03 Jun 2007
First, today - Sunday
Suddenly it is June in Buenos Aires. Taking account of the longitude, it should be towards winter here, but today is a brilliantly sunshine-lit, warm Sunday and all the Portenios are about strolling. I have walked from Palermo Soho through the various Barios of the city, watching the people going about everyday life. At one point I paused under a giant palm, at another caught the fragrance of a late flowering lapacho festooned with the pinkest of flowers. As I did so, an ancient Ford Falcon ground past. These are the oldest surviving American cars, huge, fantastic in their decrepit opulence, just like many of the buildings they pass. They always travel slowly. I can't determine whether this is because the drivers, their families and friends all crammed in enjoy being watched, or whether because at greater speeds the cars would disintegrate. Twine holds both the boot and the exhaust. And lush but faded green velvet covers the dash board. This family are beaming and the drivers face creases through his crooked teeth into a thousand smiles. Even the dog, which tries to escape from the open window has entered into the spirit of the Sunday jaunt. Of course their history is less attractive. These were the vehicles used by the secret police to bring in los desaparecedos of Buenos Aires.
Last night arriving home.
(This is an extract from a little message I sent to Karen Tweed, but I am sure that she will excuse me repeating a part of it here). Incidentally, Karen's new disc May Monday is a 'must')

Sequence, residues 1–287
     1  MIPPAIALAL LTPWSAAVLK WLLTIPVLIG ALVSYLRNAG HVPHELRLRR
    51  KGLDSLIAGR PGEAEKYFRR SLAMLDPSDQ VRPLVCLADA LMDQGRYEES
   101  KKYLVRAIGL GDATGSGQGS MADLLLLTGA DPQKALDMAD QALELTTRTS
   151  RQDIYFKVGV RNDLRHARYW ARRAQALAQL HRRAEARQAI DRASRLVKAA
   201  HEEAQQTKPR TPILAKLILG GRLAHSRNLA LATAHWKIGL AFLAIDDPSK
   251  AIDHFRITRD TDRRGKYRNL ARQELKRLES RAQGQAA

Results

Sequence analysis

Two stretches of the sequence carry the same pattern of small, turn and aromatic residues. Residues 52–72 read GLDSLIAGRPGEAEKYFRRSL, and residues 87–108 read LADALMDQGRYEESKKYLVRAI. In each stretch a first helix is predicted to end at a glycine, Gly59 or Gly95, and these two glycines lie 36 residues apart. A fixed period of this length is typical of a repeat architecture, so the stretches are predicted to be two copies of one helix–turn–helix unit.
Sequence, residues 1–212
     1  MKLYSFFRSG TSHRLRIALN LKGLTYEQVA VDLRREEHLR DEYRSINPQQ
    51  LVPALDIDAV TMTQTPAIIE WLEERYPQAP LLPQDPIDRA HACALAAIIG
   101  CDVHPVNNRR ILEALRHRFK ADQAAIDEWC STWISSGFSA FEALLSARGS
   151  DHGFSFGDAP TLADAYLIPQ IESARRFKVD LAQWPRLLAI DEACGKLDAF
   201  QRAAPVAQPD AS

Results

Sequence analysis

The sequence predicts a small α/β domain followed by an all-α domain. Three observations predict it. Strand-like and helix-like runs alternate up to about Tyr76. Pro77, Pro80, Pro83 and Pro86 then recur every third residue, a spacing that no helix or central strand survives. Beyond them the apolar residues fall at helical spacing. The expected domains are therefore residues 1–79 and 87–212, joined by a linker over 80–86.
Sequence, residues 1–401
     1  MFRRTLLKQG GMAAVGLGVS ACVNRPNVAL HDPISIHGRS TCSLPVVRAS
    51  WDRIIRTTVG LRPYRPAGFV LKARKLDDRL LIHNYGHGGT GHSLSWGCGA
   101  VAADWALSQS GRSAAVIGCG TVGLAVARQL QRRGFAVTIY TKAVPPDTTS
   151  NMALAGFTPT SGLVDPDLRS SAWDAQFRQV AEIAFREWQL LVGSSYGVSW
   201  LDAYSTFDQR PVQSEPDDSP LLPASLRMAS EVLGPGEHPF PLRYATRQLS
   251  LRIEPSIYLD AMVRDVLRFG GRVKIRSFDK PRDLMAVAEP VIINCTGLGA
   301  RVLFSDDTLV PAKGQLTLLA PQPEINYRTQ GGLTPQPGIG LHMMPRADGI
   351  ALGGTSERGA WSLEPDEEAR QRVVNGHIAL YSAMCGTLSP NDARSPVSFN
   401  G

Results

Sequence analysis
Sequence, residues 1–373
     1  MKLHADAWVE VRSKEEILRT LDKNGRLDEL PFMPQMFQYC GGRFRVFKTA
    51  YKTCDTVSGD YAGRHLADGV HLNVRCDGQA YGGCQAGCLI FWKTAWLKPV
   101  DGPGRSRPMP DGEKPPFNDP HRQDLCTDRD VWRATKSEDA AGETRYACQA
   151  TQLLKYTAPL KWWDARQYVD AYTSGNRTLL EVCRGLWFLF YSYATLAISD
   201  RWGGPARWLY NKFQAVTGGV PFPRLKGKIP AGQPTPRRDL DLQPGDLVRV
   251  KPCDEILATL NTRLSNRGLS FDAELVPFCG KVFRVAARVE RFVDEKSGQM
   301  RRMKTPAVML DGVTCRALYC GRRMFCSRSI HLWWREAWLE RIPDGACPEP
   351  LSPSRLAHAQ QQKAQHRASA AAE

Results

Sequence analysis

My neighbourhood tramp is there every night. He has taken up residence in a doorway across from my apartment. He is one of many people who sleep on the streets of this city. The Portenios have a close relationship with the cartoneros as, in the crisis in 2002, everyone came close to joining them. So they will be given odd coins for a cup of Mate, the Argentine sweet tea-type drink. He is surrounded by his possessions: a few bags, a blanket, a heavy coat to keep out the chill, his transistor radio playing tango, and his little round mirror! I have wondered why he should carry such a thing? It is clearly not for shaving. Perhaps it is to look through into the past; or to the future? Does it allow him to escape the draughty doorway, the city fumes, the noise of passing buses and taxis, to a world of freedom from late night hunger and cold, somewhere light and loving? All I know is that the wistful sounds of tango accordion drift up towards my balcony as I join him on his nightly journey.